As the General Election enters its second week one can only suppose the question on everyone's lips is; 'What the hell is Wrong with the Labour Party?' Let's face it none of us likes to see anything in distress, really, if an animal was in that much pain you would Put it out of its misery!


Anyone that watched Jeremy Corbyn's poor performance on the Andrew Mar show on Sunday must have thought he had had a few late night's; by Monday in Scotland, they were sure of it. Unfortunately, he did little better on Tuesday, spending some time with the UK's Top Civil-Servant, Sir Jeremy Heywood about how they would handle the transition of governments on June 9th.

Later, Corbyn, through a Labour spokesman, praised Sir Jeremy's 'professionalism and commitment to his job,' and looked forward to the meeting being discussed in an inter-departmental manner. One can only wonder who burst out laughing first? Believing things could not get any worse they hauled out an underused Big-Gun, Sir Keir - named after one of the founders of the labour movement - Starmer, the 54-year old human rights lawyer and ex-director of Public Prosecutions to clarify certain muddled positions. And yes, as shadow Brexit Secretary, here was the man to sort out the muddle and clear Labours decks for the tough-talking ahead. Wrong!

So, What's the Problem?

Sadly, he was almost as incoherent as the Party Leader.

Praised in the past for his charismatic performances he appeared flat and disinterested as he bored his way through a speech that ensured that all who were still listening by the end, were as confused on the Brexit Policy as before. He fumbled on about 'only we can get the best deal;' without explaining how that could be achieved.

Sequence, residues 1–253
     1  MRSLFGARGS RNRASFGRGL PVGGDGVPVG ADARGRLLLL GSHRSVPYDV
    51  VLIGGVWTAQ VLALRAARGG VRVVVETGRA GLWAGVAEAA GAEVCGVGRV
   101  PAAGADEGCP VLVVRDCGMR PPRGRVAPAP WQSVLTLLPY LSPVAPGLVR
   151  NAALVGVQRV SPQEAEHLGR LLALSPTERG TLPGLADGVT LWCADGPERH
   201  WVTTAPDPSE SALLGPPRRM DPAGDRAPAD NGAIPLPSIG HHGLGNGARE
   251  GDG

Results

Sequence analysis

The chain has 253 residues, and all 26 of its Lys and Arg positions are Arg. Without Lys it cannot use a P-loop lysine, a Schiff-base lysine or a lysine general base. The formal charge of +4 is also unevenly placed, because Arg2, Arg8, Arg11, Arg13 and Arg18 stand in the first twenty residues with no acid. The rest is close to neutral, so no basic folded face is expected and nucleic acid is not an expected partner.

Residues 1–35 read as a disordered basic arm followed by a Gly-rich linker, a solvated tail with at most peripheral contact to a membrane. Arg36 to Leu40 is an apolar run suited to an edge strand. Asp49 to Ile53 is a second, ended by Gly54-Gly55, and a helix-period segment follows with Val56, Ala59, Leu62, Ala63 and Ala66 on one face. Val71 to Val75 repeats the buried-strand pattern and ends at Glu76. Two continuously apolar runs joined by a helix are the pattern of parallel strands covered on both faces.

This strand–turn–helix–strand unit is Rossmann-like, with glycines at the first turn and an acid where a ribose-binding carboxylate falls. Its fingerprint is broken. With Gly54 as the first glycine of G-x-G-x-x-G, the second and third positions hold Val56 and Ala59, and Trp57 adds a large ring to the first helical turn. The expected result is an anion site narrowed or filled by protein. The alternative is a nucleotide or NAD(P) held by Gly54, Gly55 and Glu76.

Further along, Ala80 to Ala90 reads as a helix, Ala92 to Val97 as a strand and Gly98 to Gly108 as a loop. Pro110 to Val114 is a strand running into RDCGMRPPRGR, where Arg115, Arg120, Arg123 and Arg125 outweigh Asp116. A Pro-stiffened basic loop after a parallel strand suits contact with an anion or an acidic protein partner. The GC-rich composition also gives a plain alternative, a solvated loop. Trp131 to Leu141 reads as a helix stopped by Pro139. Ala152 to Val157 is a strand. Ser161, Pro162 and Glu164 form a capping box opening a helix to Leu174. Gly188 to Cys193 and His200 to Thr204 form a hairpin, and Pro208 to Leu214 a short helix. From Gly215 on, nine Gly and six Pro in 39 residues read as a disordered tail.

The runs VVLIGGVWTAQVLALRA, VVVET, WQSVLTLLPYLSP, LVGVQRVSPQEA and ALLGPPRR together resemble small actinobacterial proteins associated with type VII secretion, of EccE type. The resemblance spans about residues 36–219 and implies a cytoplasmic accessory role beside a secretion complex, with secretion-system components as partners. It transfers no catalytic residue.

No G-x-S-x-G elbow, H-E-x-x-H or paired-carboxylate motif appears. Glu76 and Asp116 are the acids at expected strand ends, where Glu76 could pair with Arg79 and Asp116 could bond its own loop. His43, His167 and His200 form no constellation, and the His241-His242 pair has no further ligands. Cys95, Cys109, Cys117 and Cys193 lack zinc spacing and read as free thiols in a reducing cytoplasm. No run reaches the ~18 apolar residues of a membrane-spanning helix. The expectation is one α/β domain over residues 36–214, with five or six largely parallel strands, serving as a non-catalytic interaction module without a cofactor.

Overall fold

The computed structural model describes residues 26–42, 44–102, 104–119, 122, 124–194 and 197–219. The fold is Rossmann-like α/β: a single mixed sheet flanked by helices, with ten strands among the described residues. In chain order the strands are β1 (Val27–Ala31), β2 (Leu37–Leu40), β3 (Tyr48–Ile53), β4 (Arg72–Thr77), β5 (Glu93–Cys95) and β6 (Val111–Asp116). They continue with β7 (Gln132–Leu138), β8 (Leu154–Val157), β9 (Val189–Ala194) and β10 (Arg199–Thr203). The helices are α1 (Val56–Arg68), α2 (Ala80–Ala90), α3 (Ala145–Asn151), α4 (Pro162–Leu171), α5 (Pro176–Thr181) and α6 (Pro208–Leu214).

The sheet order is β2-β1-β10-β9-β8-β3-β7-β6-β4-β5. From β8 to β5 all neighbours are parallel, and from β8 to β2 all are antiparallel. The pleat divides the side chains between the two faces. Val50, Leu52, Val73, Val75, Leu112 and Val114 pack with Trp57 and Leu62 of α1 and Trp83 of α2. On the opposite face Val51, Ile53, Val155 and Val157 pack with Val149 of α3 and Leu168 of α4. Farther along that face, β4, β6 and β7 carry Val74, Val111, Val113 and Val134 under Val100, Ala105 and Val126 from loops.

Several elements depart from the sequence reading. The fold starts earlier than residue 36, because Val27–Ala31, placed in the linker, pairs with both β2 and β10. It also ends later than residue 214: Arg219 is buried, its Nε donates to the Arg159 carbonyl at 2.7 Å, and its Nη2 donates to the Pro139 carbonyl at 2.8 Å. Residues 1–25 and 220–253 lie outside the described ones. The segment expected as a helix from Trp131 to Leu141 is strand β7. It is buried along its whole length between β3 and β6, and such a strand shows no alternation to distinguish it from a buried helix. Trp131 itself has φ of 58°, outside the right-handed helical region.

Hinting that if what was on the table was not acceptable to MP's, it would be rejected and possibly delay the final outcome. He also failed to clarify the Party's stance on free movement as a means to limit immigration, which the EU has stipulated as a deal-breaker to access to the free market.


Of course, we are talking about clarity and reassurance here.

Labour have been accused of not listening to the voters for a very long time, and they still seem not to be. Elections are only won by fire and flame, with the electorate on your side for the better and the good of all. Just remember back to Gordon Brown's impassioned speech before the Scotish referendum vote. Many would have said that his commitment, his knowledge and heartfelt sentiment did much to turn the tide in favour of the NO vote. When your back is against the wall, you do everything in your power to succeed by the way you put your ideas forward. Where is that passion and gut now that Labour needs it the most..?